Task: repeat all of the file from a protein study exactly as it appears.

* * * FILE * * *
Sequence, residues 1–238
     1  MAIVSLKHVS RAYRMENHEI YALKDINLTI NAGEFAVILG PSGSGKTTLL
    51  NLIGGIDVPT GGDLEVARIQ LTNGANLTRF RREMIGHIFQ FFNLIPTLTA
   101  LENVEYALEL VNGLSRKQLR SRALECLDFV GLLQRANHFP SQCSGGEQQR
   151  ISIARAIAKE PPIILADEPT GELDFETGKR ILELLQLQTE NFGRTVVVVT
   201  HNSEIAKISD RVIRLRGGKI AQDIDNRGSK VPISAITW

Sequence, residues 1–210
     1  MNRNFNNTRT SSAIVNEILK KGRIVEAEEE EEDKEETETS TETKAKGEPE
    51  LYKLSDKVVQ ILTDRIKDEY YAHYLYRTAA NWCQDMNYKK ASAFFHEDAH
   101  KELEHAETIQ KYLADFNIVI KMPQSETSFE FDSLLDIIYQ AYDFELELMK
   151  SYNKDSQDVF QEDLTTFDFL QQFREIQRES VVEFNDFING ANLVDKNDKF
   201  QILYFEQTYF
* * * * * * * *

Sequence, residues 1–238
     1  MAIVSLKHVS RAYRMENHEI YALKDINLTI NAGEFAVILG PSGSGKTTLL
    51  NLIGGIDVPT GGDLEVARIQ LTNGANLTRF RREMIGHIFQ FFNLIPTLTA
   101  LENVEYALEL VNGLSRKQLR SRALECLDFV GLLQRANHFP SQCSGGEQQR
   151  ISIARAIAKE PPIILADEPT GELDFETGKR ILELLQLQTE NFGRTVVVVT
   201  HNSEIAKISD RVIRLRGGKI AQDIDNRGSK VPISAITW

Sequence, residues 1–210
     1  MNRNFNNTRT SSAIVNEILK KGRIVEAEEE EEDKEETETS TETKAKGEPE
    51  LYKLSDKVVQ ILTDRIKDEY YAHYLYRTAA NWCQDMNYKK ASAFFHEDAH
   101  KELEHAETIQ KYLADFNIVI KMPQSETSFE FDSLLDIIYQ AYDFELELMK
   151  SYNKDSQDVF QEDLTTFDFL QQFREIQRES VVEFNDFING ANLVDKNDKF
   201  QILYFEQTYF